Perennial Sea Holly

In the cutting garden annual flowers are in full production now churning out blooms on a daily basis. It’s like a production line. Annuals are programmed to reproduce by setting seed. Then they die. To prevent them from setting seed you need to pick all the flowers. The more you pick, the more will grow. And that’s brilliant. But there’s another group of plants that are also good for cutting.

Perennials are jolly useful too. It’s quite likely that some of the plants you already have in your garden will make brilliant cut flowers.

In my view Sea Hollies or Eryngiums are some of the most useful perennials you can grow. They are quite hardy and provide a lovely contrast in terms of form and colour to many other summer flowering plants. There are more than 250 Eryngiums you could grow but here are two of my favourites that are widely available.

Eryngium

Eryngium alpinum has large blue tinged egg shaped flowers. They grow to about 75-90cm/ two and a half to three feet tall. Originally from the Balkans these plants prefer a sunny spot in that magic spot…moist but free draining soil.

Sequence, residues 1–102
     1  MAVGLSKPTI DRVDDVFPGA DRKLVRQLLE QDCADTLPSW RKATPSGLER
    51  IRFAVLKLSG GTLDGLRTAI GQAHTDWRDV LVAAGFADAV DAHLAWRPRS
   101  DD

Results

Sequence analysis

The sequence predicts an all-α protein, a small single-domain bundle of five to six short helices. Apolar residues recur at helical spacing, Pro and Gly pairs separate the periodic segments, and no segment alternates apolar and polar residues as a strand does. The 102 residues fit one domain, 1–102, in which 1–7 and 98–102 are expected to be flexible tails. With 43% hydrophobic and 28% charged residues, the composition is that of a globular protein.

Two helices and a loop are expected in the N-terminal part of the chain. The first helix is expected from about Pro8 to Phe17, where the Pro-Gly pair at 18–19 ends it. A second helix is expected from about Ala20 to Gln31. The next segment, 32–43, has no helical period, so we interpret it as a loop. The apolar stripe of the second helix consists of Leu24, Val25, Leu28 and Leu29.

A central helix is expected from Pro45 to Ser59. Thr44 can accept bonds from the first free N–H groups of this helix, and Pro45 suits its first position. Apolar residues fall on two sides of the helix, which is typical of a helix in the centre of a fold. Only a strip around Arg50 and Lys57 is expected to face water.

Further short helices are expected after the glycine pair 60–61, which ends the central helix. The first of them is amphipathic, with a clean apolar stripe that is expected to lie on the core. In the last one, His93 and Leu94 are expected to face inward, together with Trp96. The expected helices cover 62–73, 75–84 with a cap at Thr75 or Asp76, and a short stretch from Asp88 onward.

Eryngium bourgatiiEryngium bourgatii is probably the most vivid blue of all with smaller cone shaped flower heads. Not quite as tall as E. alpinum this one grows to about two feet/60cm high. Commonly known as the Mediterranean Sea Holly these plants also prefer full sun and hate waterlogged soil.

If you’ve not grow Eryngiums before I heartily recommend them. Give them a whirl and you’ll be able to enjoy them in your garden and cut them for the house. What’s more the bees, butterflies and other pollinating insects will love you forever!

Bee-with-EryngiumThe most common bee around here seems to be the Buff Tailed Bumble Bee shown in the photo above but I spotted this one below with a shiny black tail…
Eryngium-and-Bee

Do you know what this Bee is?

Thanks for reading.        Gillian 🙂

9 thoughts on “Perennial Sea Holly

  1. They are lovely plants, but sadly I haven’t got any. Must rectify that. Our most common bumble bee is also the buff tailed one. I have never seen the black tailed one – he is beautiful.

    1. Add them to your list Annette! That shiny black tailed bee was mesmerising. I thought it was a toy at first like one of those little helicopters – it looked like plastic!

  2. I love Eryngiums too, some of them are so blue they look unreal. I love E.alpinum but have you tried E. Bourgatii ‘ Pico’s Blue’? It is stunning.

      1. OK …. you got me wondering, so I looked it up in my trusty insect guide and I think you have a match with the hoverfly Volucella pellucens. That’s 15mm long apparently. Does that sound right?

      2. Thanks very much for that. I had no idea that hoverflies could look like this. It was probably about 15mm and the images I’ve just seen online seem to match your ID of this amazing creature so I’d say you are spot on.

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